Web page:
“We are residing in a small thatched house and constructing toilet was a herculean task for my family because of which we were defecating in the open but after the construction of toilet under Swachh Bharat scheme we have stopped defecating in the open and are maintaining toilets on our own”, said Mallika, a home maker from Paramakudi, a small town located 40 km away from Ramanathapuram.
Like Mallika, lakhs of people in rural areas of Tamil Nadu, have benefitted by the toilets constructed under Swachh Bharat scheme. Ramanathapuram district, which is one of the backward districts in the state, is now an open-defecation free district as 1,35,946 individual toilets and 29 community toilets were constructed in 429 panchayats, said Ramanathapuram Collector, K.Veera Raghav Rao.
Apart from the concept of clean India, the individual toilets had also brought a sense of security among women and girls residing in villages.
“Earlier, we used to defecate in a coconut farm nearby and women had to go either in the morning before sunrise or in the evening after sunset. They were not feeling secure but after the construction of toilets under Swachh Bharat scheme, women in my family are much relieved”, said Krishaboopathy, a daily wage earner from Vadalivilai, a remote village in Kanniyakumari district.
The main reason for the success of Swachh Bharat scheme is the effective implementation in the rural areas and local bodies providing necessary support for the construction and maintenance of toilets. Raja from Mittalli village in Krishnagiri district said, “After the construction of toilets under Swachh Bharat scheme open defecation had been completely eradicated in our village. The local administration should also be appreciated for their support in supplying necessary water to the toilets which helps in maintaining the toilets”.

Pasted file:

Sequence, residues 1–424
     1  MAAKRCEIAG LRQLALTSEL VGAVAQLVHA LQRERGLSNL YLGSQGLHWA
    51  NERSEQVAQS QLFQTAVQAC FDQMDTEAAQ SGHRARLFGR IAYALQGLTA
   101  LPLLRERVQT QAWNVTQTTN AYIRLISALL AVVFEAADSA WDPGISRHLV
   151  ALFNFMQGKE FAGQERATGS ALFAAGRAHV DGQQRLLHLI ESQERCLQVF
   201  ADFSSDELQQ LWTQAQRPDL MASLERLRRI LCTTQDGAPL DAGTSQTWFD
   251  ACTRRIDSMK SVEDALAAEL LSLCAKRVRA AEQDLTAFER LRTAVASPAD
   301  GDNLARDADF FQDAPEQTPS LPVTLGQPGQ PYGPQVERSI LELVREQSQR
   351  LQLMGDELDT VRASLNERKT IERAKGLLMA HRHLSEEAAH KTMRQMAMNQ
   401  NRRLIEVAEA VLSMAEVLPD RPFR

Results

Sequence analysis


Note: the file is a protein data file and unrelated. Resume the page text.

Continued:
People in rural areas who did not initially come forward to build toilets were forced to construct toilets by some village panchayats, however for a good cause. “Initially we were bit reserved in constructing toilets but when I went to work under Mahatma Gandhi National Rural Employment Guarantee Scheme the workers were instructed that people who construct toilets would only be allotted work. By saying so the Panchayat also gave us Rs 12,000 for constructing toilets. Earlier, we struggled a lot during rainy days but now toilets have helped us to a great deal”, said Selvi, from Kadaiyakudi village in Pudukkottai district.
Apart from individual toilets, community toilets too have reduced open defecation to a great deal. A community toilet constructed in Mariamman Kovil Street in Nerinjipettai in Erode district is now used by around 400 persons in the street and according to the residents, the toilets are neatly maintained. “Before the toilets were in place we used to cross the roads for defecation but now we use the toilets constructed in our street. However, only six toilets are in place and it is not sufficient for us. We find it difficult in the mornings and evenings and so additional toilets would benefit us. Our houses are too small to house individual toilets and so we largely rely on community toilets”, said Sivagami, a resident of Mariamman Kovil street.
However, in Chennai the scenario is not the same and though toilets are in place they are neither maintained properly nor connected with the sewer line. “Officials initially assured that they will visit their houses once in three months for maintenance of toilets but now the pipes are broken and water is getting wasted. Despite repeated requests, officials did not visit their houses and so I had to spend money from my own pocket to repair a part of the broken pipes, which I cannot afford every other time”, said Ravi Shanmugam from Sembiyan, in Perambur.
The survey was jointly conducted by the editorial teams of Daily Thanthi, Thanthi TV, Maalai Malar and DT Next, covering all districts of Tamil Nadu and All constituencies of Chennai. For this survey, a total of 687 persons were interviewed.